Perhaps nothing is more important for a novelist than to know his characters, and this fact is true regardless if the story is “plot driven” or “character driven.” In reality, the difference between those two types of stories is dependent upon the type of conflict that dominates the story–external or internal.
Clearly a story dealing primarily with a character’s internal flaw or need will depend upon knowing how that character is wired. But those stories aren’t the only ones that require an author to know his characters.
A story with external conflict front and center will have the kinds of events that deal with attempts to overcome this outside problem. Different characters will go about trying to solve the problems that confront them in different ways. Hence, an author needs to know what type of person he’s creating.
Take for example the main character in the TV show White Collar. He is a criminal working as a consultant to the FBI in order to stay out of prison. His methods of “consulting” vary a great deal from the detectives in a show like NCSI: Los Angeles.
He does what he does best–con, break and enter, forge, blackmail, things those on the legal side of the law can’t do. But is he nothing but a user? Something about him makes viewers care for him and cheer for him to turn from his criminal past.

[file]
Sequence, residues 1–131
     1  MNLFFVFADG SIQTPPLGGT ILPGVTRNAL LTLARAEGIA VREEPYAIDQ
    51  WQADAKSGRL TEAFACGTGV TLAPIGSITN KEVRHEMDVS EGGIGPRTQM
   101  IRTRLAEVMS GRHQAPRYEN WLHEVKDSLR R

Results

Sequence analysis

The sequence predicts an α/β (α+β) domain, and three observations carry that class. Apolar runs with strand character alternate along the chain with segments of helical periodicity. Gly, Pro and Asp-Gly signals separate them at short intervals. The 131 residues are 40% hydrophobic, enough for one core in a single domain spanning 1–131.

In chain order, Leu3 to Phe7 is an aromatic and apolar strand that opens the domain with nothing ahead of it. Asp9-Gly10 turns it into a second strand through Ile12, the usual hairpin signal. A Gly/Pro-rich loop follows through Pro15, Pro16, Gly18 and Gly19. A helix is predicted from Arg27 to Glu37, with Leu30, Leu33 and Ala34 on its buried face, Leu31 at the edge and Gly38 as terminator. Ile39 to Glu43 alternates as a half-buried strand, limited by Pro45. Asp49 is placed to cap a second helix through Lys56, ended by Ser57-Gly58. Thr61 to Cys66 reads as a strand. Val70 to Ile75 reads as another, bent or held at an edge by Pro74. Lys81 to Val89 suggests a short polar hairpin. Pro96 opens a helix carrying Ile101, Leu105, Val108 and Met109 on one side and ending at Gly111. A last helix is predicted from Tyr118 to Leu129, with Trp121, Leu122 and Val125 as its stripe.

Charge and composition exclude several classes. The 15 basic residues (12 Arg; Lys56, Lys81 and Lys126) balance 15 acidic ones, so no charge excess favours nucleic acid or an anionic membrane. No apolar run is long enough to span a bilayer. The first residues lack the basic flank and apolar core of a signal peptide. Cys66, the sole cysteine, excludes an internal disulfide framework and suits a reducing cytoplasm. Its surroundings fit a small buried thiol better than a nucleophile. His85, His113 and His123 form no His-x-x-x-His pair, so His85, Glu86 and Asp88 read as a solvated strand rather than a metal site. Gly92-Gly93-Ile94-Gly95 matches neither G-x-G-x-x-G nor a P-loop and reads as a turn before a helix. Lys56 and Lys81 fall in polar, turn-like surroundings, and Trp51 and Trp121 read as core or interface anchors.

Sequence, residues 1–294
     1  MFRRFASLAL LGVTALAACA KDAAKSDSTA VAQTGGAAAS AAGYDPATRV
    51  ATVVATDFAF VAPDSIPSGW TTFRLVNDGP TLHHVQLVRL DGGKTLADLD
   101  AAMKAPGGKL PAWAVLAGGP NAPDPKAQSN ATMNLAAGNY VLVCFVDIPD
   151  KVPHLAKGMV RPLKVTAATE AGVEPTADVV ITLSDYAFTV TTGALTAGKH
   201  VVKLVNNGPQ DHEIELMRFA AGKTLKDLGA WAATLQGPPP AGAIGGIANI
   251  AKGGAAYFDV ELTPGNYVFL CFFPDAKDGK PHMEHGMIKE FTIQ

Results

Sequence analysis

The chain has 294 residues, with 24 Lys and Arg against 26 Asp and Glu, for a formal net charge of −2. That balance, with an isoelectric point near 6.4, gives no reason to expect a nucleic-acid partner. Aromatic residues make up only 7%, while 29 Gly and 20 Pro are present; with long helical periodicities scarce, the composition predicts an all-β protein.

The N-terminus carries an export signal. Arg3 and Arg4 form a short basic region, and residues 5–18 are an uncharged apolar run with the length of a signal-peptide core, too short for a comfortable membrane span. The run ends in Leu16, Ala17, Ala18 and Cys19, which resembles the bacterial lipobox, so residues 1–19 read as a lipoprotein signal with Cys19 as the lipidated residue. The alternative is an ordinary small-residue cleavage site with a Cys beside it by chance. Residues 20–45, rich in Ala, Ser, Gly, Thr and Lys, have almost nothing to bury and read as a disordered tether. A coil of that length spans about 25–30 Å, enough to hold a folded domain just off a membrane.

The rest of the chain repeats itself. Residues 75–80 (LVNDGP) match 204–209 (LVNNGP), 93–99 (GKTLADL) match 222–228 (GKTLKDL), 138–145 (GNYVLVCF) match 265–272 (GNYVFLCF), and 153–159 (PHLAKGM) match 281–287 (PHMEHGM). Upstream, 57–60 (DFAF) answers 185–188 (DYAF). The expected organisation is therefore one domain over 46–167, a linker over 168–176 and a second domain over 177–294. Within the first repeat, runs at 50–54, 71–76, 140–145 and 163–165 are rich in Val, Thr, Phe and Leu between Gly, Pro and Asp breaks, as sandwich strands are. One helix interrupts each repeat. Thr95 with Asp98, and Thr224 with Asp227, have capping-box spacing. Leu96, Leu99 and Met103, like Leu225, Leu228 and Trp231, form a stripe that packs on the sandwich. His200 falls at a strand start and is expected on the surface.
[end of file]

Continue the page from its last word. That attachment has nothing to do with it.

Episode after episode, there is a criminal who needs to be caught, and our hero must work on behalf of the law by using his skills as a criminal. At the same time he has his own mysterious goals which sometimes put his actions on behalf of the FBI on a collision course with his actions meant to achieve his own ends.
The only way the plots for this show can work is if the writers know the character. What motivates him? What secret is he withholding from his handler?
When characters are involved, relationships develop. But relationships hinge on the inner qualities of each person. An author, therefore, must know how her character will relate to the various people in her story.
Will a teen trust her new boyfriend or be suspicious of his intentions? Will a manager hire a yes-man for his assistant or will he find the best go-getter he can who might end up jumping ahead of him for promotion? Will a grandmother lie to protect her grandson from the policeman who accuses him of stealing from their neighbor or will she tell the truth, knowing he’ll be taken from her and put into the juvenile system?
In short, who are these people in your story? Not, what color eyes they have or how old they are, but what will they do when life turns against them, and why?
What makes them tick and how do they respond when they receive an expensive gift, learn they have cancer, watch their team win the Super Bowl, run into the boss who fired them?
As Art Holcomb said in a guest post at StoryFix, “We’re all predictably different . . . and so must our characters be.”
Unless an author intentionally crafts them to be different, however, they well might end up being stereotypical teens, or managers, or grandmothers. But if they are different, even quirky, they must have a believable reason for being different from the average person in their same shoes.
What separates them from others and why?
The better an author knows her characters, the deeper the story and the more impact it can have on readers.